PITTSBURGH — There were no helmets hurled as weapons, no suspensions and no penalties for unsportsmanlike conduct on Sunday when the Steelers and Browns played, just a pedestrian matchup of perplexing teams hanging on to playoff hopes.
Two weeks after one of the uglier on-field fights in recent years, there were no snafus as the A.F.C. North rivals faced off without the main protagonists in the melee. Browns defensive lineman Myles Garrett, who ripped off Steelers quarterback Mason Rudolph’s helmet and hit him on the head with it, was suspended for the season. Rudolph, who was fined $50,000 for his role in the altercation, was benched in favor of Devlin Hodges, a rookie quarterback better known for his duck calling than his play calling.
Of course, no N.F.L. grudge match would be complete without histrionics. Several Steelers arrived at Heinz Field on Sunday wearing black “Free Pouncey” sweatshirts in support of center Maurkice Pouncey, who was suspended for two games and fined $35,096 for his role in the fight. On Friday, Browns Coach Freddie Kitchens wore a T-shirt that read “Pittsburgh Started It.” The coach later said the shirt, a birthday gift from his daughters, was a joke.
“You just don’t see that from upper management,” Ramon Foster, the Steelers guard, said of Kitchens’s shirt. “Why throw gas?”
Still, whatever animosity the teams shared was subsumed by a more sobering prospect: The loser would fall further out of contention in a division dominated by the Baltimore Ravens. On Sunday, the Steelers won, 20-13, as Hodges and the team’s running game shook off a slow start. Pittsburgh (7-5) held on to the sixth seed in the A.F.C., but the playoff aspirations of the Browns (5-7) faded further.
Both teams seemed to be hanging on, but for different reasons.
If not for their sixth-ranked defense, which gives up just 19.3 points a game, the Steelers would be an afterthought in the N.F.L. The team acquired safety Minkah Fitzpatrick from the Miami Dolphins before Week 3, a trade that bolstered an already talented defensive backfield. After starting the season 1-4, the Steelers willed their way back into contention.
On Sunday, the offense held its own without its top quarterback, Ben Roethlisberger (injured in the second game of the season); its top running back, James Conner (injured shoulder); and its leading receiver, JuJu Smith-Schuster (injured shoulder.)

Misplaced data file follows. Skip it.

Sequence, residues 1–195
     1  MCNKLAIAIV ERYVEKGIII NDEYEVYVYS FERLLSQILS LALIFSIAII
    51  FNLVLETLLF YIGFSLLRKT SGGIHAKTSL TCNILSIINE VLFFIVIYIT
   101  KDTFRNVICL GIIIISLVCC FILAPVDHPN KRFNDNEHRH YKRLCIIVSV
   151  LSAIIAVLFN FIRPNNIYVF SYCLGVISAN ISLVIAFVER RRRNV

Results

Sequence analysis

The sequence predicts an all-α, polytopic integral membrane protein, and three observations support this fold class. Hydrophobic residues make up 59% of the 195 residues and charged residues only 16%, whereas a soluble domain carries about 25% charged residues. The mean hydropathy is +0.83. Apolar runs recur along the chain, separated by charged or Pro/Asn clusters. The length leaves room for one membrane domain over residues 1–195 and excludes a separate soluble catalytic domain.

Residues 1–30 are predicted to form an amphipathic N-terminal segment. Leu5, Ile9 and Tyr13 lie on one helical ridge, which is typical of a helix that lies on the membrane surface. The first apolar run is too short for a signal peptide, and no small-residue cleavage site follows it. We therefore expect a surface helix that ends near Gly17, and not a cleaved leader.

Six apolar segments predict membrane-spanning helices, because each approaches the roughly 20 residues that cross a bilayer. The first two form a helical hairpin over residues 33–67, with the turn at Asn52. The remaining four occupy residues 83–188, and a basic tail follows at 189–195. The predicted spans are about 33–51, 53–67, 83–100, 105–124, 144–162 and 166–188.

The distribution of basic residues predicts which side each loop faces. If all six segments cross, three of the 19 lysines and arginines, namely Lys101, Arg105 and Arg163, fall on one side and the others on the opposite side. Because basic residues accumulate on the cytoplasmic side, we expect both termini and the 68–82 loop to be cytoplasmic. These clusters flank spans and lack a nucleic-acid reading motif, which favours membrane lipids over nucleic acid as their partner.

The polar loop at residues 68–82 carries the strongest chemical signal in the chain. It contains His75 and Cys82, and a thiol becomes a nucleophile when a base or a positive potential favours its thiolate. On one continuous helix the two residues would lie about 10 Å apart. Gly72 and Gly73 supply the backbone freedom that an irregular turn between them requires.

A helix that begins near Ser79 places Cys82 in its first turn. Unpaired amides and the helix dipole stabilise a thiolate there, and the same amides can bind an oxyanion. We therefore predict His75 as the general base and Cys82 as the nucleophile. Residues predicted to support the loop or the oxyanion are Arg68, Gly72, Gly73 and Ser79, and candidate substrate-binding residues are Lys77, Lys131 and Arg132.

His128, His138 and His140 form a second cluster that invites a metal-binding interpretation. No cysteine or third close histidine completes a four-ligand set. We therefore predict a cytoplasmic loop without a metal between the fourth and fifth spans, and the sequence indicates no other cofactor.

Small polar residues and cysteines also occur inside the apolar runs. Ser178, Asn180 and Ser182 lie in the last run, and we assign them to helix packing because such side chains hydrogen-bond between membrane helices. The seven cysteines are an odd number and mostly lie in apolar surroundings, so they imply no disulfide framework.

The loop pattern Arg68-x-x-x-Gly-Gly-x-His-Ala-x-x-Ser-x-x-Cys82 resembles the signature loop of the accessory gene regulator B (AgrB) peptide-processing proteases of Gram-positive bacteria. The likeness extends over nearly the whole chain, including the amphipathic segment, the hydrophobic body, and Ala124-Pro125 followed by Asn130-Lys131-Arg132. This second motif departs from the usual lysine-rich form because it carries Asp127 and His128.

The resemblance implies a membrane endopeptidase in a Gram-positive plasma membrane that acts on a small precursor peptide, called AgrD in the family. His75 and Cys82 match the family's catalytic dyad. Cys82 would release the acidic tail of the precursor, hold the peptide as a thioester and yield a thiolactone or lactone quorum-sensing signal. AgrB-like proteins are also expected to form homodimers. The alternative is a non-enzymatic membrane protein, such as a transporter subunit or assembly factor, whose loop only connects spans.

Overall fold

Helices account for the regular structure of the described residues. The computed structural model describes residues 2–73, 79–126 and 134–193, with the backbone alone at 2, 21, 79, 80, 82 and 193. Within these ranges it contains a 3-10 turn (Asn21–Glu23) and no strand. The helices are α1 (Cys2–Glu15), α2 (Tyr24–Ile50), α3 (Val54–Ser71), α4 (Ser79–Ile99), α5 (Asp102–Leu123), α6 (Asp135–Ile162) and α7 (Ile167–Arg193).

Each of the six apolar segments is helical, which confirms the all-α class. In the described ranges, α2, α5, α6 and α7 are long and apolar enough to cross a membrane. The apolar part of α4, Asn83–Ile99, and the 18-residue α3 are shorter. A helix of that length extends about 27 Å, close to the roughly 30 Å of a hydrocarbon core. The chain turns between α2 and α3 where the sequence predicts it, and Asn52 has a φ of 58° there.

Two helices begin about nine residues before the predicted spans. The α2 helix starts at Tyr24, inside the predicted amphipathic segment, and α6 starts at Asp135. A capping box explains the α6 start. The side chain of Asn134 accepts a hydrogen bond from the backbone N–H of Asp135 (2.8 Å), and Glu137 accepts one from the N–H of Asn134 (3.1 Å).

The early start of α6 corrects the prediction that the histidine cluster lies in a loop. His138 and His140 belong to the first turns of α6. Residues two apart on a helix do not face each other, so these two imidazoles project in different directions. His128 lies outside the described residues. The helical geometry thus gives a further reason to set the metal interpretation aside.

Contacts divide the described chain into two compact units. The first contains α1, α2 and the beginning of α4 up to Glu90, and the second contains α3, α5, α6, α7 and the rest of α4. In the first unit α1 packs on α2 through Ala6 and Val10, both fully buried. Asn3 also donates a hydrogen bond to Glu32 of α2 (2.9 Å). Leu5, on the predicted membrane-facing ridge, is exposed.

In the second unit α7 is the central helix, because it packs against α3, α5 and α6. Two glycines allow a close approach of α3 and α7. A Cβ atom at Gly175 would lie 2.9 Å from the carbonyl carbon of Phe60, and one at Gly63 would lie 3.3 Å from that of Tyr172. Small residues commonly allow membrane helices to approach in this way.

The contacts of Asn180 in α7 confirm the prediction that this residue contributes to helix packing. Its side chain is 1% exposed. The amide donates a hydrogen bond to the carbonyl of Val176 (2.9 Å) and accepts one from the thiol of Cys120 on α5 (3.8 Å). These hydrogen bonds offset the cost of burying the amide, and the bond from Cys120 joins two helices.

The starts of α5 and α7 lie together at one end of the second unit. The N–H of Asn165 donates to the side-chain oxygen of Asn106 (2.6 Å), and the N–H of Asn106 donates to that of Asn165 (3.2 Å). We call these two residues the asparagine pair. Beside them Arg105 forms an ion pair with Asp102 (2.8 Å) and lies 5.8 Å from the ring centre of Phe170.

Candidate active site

Despite his inexperience, Hodges, an undrafted free agent who was signed by the Steelers after training camp, completed several long passes, including a 30-yard touchdown score to receiver James Washington, who had two defenders draped over him. In the third quarter, Hodges helped put the Steelers in the lead for good when he hit Washington again for 44 yards. Four plays later, Benny Snell Jr. ran for a 1-yard score, giving the Steelers a 17-10 lead and turning Hodges, whose nickname is Duck, into a minor legend.
“Duck has been a leader since he stepped foot on the Steelers’ facility,” Snell said after the game. “I witnessed it firsthand, so I always have my trust in Duck.”
On the next drive, the Steelers’ defense did its part. Linebacker Bud Dupree sacked Browns quarterback Baker Mayfield, who fumbled as he fell to the ground, giving the Steelers the ball at midfield. Pittsburgh added a field goal to push the lead to 10 points.
It has been that kind of season for the Browns. Despite their history of disappointment, the Browns were expected to take a big step forward this season. Mayfield got help in his second year with the addition of receiver Odell Beckham Jr. and running back Kareem Hunt, who served an eight-game suspension for a pair of violent incidents, including one in which he was videotaped kicking a woman, before joining Nick Chubb in the backfield.
But in Kitchens’s first year as a head coach, Cleveland has instead been a model of inconsistency. The Browns beat the Steelers and the Baltimore Ravens in the same season for the first time since returning to the N.F.L. in 1999 and took down the playoff-bound Buffalo Bills.
But Mayfield has almost as many interceptions as touchdown scores — completing barely 60 percent of his attempted passes — and has been sacked 31 times this season, including four times on Sunday. Beckham has just two touchdown scores.
With Garrett, a No. 1 overall draft pick in 2017, this season, Cleveland’s defense has been middle-of-the-pack. (Previously, it was among the league’s worst.) Despite his absence on Sunday, the Browns kept the game interesting when cornerback Terrance Mitchell intercepted Hodges near midfield with just over seven minutes remaining. The Browns were unable to convert the turnover into a score, however.
The Browns’ confounding performance on Sunday, though, was a fresh reminder that a Steelers-Browns rivalry is more illusion than reality. As Health Gilbert, a Steelers fan visiting from Oklahoma, put it: “Rivalries are between two good teams.”